In an attempt to reduce the number of cancer deaths from late diagnosis, the National Cancer Director, Professor Mike Richards, has announced a series of pilot projects in GP surgeries, where new technologies are harnessed to help GPs decide who warrants further investigation.
In the article, which appeared originally in the Guardian newspaper, Professor Richards highlights the difficulty for GPs in remembering the many symptoms that can be associated with a cancer diagnosis, citing ovarian cancer as an example.
The computer programme will assess age, weight, blood pressure, family history and symptoms, and builds on a system recently developed in cardiovascular disease. The impetus for extending this work was underpinned by a series of Department of Health funded studies, undertaken by GP Dr Willie Hamilton who is also on the Target Ovarian Cancer Pathfinder Study Advisory Panel.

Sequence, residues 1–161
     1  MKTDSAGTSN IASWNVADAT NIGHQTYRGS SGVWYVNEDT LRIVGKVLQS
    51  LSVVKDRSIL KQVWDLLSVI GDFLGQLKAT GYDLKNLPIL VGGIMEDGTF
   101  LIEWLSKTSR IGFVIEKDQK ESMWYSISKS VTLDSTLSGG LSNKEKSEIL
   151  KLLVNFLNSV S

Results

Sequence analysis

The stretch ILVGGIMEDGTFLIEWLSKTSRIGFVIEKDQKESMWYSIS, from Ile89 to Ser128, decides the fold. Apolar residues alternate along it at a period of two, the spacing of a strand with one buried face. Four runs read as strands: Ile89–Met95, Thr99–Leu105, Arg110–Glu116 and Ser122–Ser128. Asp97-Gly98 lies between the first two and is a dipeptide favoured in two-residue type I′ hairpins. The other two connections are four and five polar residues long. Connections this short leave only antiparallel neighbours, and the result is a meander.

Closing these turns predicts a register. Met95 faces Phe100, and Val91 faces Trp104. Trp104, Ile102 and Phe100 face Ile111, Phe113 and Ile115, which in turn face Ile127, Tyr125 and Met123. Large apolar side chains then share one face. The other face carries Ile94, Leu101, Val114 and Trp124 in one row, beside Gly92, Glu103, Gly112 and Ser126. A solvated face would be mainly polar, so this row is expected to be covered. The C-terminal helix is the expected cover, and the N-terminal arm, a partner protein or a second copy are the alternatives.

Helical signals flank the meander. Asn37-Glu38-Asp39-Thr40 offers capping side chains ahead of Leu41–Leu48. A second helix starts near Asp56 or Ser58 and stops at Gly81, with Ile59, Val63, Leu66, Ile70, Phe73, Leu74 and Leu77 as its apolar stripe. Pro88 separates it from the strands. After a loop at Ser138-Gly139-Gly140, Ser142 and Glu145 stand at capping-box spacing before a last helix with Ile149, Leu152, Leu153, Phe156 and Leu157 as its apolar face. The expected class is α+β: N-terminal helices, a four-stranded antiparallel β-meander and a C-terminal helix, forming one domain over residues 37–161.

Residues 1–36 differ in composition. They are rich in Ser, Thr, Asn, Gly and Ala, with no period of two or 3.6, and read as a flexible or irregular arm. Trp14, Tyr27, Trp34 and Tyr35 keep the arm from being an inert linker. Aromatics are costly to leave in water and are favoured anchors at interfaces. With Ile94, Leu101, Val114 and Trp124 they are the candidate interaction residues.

Frances Reid, Director of Public Affairs for Target Ovarian Cancer welcomed the pilots, "GPs have a nightmare job in trying to pick out those people who most need urgent attention, particularly when faced with very common symptoms such as bloating, or indigestion. We hope this initiative, together with others, will in future help GPs diagnose ovarian cancer more quickly, thus reducing what are often considerable delays for women. We have recently announced on online continuing professional development tool for GPs developed in conjunction with the BMJ Group."
Professor Steve Field, Chairman of the Royal College of GPs said, "GPs will welcome this, because it will make their diagnoses quicker and better. In time this will save lives."